ADELIA JOHNSON, DAYTON GUNMAN'S FORMER GIRLFRIEND: He showed me the one video of the mass shooting on our first date. I'm not sure which shooting it was. I was drunk and it was at a loud bar. So I don't --

REPORTER: Did you find that odd?

JOHNSON: I think it's weird but it wasn't like -- it wasn't a red flag which I know is weird to a lot of people. But given the context of him being a psychology student and him being fascinated in the psychology of those things, that's what made it digestible.


BURNETT: OUTFRONT tonight, 2020 Democratic presidential candidate, the governor of Montana, Steve Bullock. Governor, thanks very much for being with me. So, you heard the ex-

girlfriend of the Dayton shooter and she says she didn't see that video of a mass shooting as a red flag. She didn't report anything to authorities because she didn't see it that way. He purchased his guns legally as did the shooter in El Paso.

What kind of laws would have made a difference in these mass shootings?

[19:40:01] GOV. STEVE BULLOCK (D-MT), PRESIDENTIAL CANDIDATE: Well, I think, Erin we have to look at all possibilities along the way. I mean, you know, all of a sudden, there is great discussion about red flag laws. Look, this isn't that controversial. Even a state like Indiana passed that.

But as not only as -- you know, as even a gun owner, I think certainly we have to look at the vast majority of gun owners think that we should have universal background checks. He should have things like red flag laws. You know, we don't even use -- assault weapons aren't used for hunting or self-defense.

Big chains like sporting good chains stopped selling them. We should stop that as well. You're not going to solve everything. But if we ever start looking at this as a public health issue, not a political issue I think we could make gains. But unfortunately, the NRA, an organization that when I was young used to be about gun safety and hunting is now nothing more than a dark money organization used -- that uses Second Amendment to divide our country.

BURNETT: So, as you mentioned you're a gun owner. And you are a hunter. But you did lose a nephew to gun violence in a horrific shooting at a playground by a kid who had been bullied. You have spoken a bit about this.


BURNETT: This is personal to you.

BULLOCK: It is. It's personal to me. It's personal to the families in Ohio and Texas this weekend. But it's even more than just that.

I mean when, you know, my sixth grade son has to learn where to go during the first week of school if an active shooter happens, what's happening to this country? We can do better.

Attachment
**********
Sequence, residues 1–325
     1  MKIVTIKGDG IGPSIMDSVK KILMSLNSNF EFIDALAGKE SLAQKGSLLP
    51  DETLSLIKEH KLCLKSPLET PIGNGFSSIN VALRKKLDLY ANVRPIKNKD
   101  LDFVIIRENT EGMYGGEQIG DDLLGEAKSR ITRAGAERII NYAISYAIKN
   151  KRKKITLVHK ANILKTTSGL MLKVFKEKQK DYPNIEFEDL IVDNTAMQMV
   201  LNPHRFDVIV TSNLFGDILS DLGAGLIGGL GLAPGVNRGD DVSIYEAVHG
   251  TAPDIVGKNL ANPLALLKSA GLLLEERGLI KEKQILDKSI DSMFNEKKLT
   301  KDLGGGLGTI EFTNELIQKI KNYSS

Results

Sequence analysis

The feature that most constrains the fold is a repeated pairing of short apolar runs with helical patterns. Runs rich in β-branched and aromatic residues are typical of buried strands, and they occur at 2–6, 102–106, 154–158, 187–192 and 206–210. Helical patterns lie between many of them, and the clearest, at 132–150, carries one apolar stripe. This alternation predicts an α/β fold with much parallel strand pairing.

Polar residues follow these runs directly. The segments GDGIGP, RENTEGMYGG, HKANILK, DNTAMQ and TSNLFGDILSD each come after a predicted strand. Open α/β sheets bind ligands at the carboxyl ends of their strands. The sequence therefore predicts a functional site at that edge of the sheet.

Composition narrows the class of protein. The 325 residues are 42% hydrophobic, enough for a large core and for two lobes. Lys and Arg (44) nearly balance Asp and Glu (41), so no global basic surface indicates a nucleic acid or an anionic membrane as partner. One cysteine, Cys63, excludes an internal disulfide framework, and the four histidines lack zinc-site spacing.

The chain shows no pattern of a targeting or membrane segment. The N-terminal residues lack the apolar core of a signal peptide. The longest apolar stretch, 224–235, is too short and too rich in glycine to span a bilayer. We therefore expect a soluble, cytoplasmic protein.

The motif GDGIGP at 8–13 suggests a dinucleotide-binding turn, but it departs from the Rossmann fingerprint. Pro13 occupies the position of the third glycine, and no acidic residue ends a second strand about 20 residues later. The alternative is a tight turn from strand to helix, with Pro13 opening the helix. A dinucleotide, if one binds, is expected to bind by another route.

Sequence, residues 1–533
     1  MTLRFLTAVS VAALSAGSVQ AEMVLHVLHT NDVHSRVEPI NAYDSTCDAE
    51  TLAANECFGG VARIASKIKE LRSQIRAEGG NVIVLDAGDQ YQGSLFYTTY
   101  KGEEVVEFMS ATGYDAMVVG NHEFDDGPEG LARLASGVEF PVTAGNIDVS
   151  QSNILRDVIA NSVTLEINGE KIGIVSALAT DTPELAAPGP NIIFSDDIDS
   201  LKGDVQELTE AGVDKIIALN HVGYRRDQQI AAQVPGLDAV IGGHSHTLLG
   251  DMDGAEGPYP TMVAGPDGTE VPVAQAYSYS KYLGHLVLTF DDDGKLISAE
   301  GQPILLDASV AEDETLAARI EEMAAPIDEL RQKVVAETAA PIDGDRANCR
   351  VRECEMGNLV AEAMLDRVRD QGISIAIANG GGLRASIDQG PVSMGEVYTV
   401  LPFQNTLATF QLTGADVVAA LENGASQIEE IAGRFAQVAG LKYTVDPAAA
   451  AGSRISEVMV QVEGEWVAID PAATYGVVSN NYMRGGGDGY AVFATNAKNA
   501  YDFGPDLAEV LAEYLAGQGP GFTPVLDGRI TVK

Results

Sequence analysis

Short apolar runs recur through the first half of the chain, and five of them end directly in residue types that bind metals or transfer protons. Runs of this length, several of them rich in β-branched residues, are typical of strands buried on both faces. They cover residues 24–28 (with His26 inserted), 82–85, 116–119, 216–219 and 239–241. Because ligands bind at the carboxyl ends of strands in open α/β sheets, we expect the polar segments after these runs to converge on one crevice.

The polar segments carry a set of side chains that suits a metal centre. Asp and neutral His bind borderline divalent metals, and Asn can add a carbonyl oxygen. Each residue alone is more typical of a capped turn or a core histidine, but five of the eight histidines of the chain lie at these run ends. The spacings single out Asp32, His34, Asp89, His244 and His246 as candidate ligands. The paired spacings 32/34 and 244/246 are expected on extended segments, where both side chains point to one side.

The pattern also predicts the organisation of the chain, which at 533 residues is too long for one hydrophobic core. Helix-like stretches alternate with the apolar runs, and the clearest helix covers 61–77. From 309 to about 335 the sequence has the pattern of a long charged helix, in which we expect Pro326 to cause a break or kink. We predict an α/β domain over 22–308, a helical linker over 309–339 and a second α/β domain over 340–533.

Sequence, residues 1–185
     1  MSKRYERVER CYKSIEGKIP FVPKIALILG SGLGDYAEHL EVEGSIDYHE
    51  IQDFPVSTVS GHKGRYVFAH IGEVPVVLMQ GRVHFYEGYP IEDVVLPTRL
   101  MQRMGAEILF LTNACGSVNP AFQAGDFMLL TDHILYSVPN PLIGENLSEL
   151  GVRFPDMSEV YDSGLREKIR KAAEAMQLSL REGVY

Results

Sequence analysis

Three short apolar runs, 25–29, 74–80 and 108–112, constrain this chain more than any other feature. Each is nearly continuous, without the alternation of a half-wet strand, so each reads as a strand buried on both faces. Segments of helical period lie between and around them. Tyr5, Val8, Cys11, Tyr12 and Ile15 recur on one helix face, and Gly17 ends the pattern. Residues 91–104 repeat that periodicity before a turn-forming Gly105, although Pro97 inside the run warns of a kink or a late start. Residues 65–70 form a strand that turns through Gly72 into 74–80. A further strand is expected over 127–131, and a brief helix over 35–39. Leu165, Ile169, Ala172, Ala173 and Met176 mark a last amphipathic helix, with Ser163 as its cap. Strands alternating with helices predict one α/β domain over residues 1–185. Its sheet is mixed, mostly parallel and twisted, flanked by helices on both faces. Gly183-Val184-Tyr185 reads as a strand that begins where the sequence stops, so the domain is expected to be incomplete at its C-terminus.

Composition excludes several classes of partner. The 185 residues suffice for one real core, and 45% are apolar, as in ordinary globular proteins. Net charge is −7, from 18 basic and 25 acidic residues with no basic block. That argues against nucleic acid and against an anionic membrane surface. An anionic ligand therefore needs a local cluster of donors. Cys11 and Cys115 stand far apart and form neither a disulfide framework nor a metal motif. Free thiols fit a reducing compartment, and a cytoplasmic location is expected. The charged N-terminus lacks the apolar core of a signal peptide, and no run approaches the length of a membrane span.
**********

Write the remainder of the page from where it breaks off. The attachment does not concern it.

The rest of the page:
It's one of these where gun owners and non-gun owners alike -- especially gun owners they don't want guns in the wrong hands. They don't want to see the continually lowering of flags. It's been nine times we've lowered the flags since the Vegas shooting.

So, really, we should be calling on gun owners to say, we can do more to keep our communities safe.

BURNETT: So when your nephew was killed and that moment happened on the playground. I know you were in law school. Tell me how that influenced how you see the issue personally. BULLOCK: Yes, and it's -- I shared there were effectively two victims

that day. So, my 11-year-old nephew Jeremy was shot and killed at the time, 25 years ago by a 10-year-old on the playground. At the time, it was the youngest school yard shooting in the country. Today, I'm not sure if a 10-year-old killed an 11-year-old, it would even make national news. But it said that, you know, because the shooter, the 10-year-old, his only response was, no one loves me.

So, on the one hand, how it's impacted me is saying, how can we have a 10-year-old kid think no one loves him? Or how do we have sort of the alienation of people where they feel like they're all alone and that we need to do more on that?

But it's also -- it's not just a mental health issue. It's certainly an availability and access of firearms that we as a country need to do more. And I believe that most people in this country know that we need to do more.

BURNETT: You're from a red state obviously, a state voting for Trump and voted for you. The NRA, you stood up to them, right? And as you point out, gun owners overwhelmingly support more gun control.